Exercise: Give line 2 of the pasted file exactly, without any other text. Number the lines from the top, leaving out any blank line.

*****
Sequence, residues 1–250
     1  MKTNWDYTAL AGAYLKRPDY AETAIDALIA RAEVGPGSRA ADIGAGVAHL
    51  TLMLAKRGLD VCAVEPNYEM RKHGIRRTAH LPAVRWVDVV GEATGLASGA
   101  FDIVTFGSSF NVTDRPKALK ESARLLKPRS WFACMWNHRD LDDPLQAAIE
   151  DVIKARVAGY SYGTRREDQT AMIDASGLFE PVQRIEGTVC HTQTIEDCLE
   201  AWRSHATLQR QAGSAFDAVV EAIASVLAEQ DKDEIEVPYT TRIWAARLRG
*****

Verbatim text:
     1  MKTNWDYTAL AGAYLKRPDY AETAIDALIA RAEVGPGSRA ADIGAGVAHL